A Geographical Indication (GI) is a combination of a physical and biological environment, a traditional community, and a terroir, resulting in a unique product.

It identifies and protects a product that results from several stages involving carefully monitored practices and know-how, applied in a delimited geographical area.


cognac certification

Cognac specifications

Cognac production and aging conditions are recorded and regulated in the specifications, which guarantee its originality and uniqueness. Compliance with specifications is monitored by the Bureau National Interprofessionnel du Cognac (BNIC), recognized as the Cognac Defense and Management Body (DMB).

Specifications for the “Cognac”, “Eau-de-vie Cognac”, and “Eau-de-vie des Charentes” Geographical Indications established by the Cognac DMB are officially recognized by the French decree No.2015-10 dated 7 January 2015.

These specifications are subject to change; the BNIC, via the DMB, is responsible for any modifications.

  • The specifications establish the origins, terroir, and production methods

  • define and characterize the product

  • specify the obligatory declarations of certified operators

  • outline the main points to monitor

Cognac aging categories

The age of a spirit corresponds to the youngest component of the blending. Cognac cannot be commercialised before a minimum of two years of aging, without interruption, exclusively in a oak wood container. Below are the aging mentions mostly used.

  • At least2 years
    of aging

    Other terms: “3 Etoiles”, “Sélection”, “De Luxe” and “Very Special”

  • At least4 years
    of aging

    Other terms: “Réserve”, “Vieux”, “Rare”, “Royal” and “Very Superior Old Pale”

  • At least10 years
    of aging

    Other terms: “Hors d’âge”, “Extra”, “Ancestral”, “Ancêtre”, “Or”, “Gold”, “Impérial”, “Extra Old”

    These mentions below are specific to Cognac that have aged 14 years or more.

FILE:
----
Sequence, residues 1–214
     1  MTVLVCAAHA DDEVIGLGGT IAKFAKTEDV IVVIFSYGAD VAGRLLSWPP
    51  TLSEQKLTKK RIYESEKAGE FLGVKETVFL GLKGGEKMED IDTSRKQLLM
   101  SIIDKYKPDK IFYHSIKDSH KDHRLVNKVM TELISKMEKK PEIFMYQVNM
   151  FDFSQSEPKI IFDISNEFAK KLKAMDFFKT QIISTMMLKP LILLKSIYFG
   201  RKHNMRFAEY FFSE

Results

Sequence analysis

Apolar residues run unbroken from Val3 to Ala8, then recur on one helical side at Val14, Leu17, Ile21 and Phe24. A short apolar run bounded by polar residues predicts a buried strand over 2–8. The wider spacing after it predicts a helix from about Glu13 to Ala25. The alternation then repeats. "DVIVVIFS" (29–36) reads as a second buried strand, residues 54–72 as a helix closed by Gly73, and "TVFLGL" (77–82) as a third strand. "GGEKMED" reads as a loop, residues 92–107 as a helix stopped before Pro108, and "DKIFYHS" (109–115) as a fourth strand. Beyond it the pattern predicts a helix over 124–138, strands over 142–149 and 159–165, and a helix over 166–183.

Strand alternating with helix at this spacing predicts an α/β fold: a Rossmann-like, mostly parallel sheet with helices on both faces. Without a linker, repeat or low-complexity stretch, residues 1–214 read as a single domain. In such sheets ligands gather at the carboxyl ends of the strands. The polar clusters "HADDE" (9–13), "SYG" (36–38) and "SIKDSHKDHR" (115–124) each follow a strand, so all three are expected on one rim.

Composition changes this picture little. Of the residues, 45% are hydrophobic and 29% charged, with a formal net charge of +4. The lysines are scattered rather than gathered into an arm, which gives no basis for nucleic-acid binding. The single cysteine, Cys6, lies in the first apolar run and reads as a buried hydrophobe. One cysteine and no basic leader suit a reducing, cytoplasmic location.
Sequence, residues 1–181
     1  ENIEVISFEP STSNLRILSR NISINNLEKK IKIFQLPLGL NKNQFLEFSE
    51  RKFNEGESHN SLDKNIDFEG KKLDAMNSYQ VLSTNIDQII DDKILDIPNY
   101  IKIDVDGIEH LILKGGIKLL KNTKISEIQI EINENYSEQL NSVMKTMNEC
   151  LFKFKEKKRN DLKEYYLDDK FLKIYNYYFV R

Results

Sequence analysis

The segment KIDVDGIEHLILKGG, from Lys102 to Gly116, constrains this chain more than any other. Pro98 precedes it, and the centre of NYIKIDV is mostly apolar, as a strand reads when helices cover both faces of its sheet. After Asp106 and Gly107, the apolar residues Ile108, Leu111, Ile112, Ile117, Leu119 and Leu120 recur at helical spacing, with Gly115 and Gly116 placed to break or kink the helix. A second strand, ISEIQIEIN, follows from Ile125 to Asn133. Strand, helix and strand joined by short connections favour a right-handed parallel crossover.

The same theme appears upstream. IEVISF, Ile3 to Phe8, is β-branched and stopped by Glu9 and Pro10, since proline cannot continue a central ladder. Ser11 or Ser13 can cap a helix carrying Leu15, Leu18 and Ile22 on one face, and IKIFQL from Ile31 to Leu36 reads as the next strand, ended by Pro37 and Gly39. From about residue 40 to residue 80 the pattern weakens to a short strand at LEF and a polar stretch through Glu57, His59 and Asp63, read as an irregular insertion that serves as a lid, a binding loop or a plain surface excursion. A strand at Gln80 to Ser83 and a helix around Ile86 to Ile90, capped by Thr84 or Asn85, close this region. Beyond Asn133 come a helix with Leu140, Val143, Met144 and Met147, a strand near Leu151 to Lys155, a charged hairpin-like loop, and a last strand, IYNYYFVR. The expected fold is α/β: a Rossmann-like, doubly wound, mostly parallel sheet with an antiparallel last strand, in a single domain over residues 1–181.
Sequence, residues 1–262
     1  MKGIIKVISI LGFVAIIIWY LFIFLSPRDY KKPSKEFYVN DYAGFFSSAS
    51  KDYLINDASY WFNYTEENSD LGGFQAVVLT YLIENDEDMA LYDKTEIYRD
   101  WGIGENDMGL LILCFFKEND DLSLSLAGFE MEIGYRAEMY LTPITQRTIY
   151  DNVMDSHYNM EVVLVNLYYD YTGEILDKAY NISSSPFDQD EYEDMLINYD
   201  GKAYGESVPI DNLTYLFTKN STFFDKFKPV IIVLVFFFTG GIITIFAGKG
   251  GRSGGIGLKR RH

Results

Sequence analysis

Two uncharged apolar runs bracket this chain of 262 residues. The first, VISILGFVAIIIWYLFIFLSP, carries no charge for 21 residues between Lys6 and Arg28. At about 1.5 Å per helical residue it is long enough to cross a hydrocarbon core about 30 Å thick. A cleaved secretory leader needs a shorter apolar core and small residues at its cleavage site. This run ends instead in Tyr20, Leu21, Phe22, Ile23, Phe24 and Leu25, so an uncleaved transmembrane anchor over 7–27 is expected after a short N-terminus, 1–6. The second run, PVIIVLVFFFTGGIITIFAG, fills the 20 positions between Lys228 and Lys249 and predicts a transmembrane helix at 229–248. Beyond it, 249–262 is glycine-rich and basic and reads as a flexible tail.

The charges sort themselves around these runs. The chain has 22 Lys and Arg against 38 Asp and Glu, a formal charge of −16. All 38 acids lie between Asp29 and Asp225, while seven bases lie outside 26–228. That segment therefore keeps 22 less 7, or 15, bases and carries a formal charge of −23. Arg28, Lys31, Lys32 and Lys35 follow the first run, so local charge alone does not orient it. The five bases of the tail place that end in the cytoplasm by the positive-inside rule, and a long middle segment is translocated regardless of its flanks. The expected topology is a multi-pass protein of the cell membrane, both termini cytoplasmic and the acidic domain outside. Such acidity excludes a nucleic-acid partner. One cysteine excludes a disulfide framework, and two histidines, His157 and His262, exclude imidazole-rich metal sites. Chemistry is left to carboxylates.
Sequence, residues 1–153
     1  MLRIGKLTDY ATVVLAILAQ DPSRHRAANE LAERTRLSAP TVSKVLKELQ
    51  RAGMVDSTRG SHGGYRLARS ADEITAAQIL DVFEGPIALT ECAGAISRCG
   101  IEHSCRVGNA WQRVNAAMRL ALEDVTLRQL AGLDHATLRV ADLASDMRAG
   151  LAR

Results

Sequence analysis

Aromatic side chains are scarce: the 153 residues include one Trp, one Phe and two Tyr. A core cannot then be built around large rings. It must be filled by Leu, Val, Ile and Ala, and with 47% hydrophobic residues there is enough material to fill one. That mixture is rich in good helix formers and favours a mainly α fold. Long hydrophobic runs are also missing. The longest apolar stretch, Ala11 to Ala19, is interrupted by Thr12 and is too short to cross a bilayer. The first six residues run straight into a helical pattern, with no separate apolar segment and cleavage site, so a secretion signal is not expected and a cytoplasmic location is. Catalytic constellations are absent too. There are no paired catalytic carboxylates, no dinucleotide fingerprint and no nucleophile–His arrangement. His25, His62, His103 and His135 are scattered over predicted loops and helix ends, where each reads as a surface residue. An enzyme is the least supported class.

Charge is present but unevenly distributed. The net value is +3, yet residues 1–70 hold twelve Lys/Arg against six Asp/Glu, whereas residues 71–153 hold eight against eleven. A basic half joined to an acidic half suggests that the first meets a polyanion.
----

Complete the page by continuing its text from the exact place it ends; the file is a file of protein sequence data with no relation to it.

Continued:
“X.X.O.”, “Extra Extra Old”

Other aging categories

At least

Supérieur”, “Cuvée Supérieure”, “Qualité Supérieure”

“Vieille Réserve”, “Réserve Rare” and “Réserve Royale”

“Napoléon”, “Très Vieille Réserve”, “Très Vieux”, “Héritage”, “Très Rare”, “Excellence” and “Suprême”


Cognac labelsCognac

A Cognac can be identified by the indications on the label.

Roll over each mention and discover their meaning.


Geographical indication

The Geographical Indication must feature on the label:

  • Cognac
  • Eau-de-vie de Cognac
  • Eau-de-vie des Charentes

GI “eaux-de-vie” may be accompanied by the wording “Fine”.



Aging categories indicate the age of the youngest eau-de-vie used in the final blend. Cognac cannot be sold before it has aged in an oak container for at least 2 years continously.

*Optional wording



Net capacity in liters, milliliters or centiliters.
(At least 4 mm high for a capacity ranging from over 20 cl up to 100 cl)



Alcohol by volume

Wine spirits must have a minimum alcohol content by volume of 40% in order to be sold.


Origin *

100% of the wine spirits in the final blend come from an appellation, or “cru” indicated on the label.

The “Cognac Fine Champagne” PDO is used for wine spirits made exclusively from Grande Champagne (minimum 50%) and Petite Champagne.

*Optional wording

History of the Cognac geographical indication

Key points to remember

  • Cognac is traditionally made by blending eaux-de-vie of different ages from different production areas, although it is not a requirement.
  • Cognac always retains the age at which it is bottled since, unlike wine, spirits do not evolve after bottling.
  • Cognac wine spirit is aged without interruption, exclusively in oak barrels.

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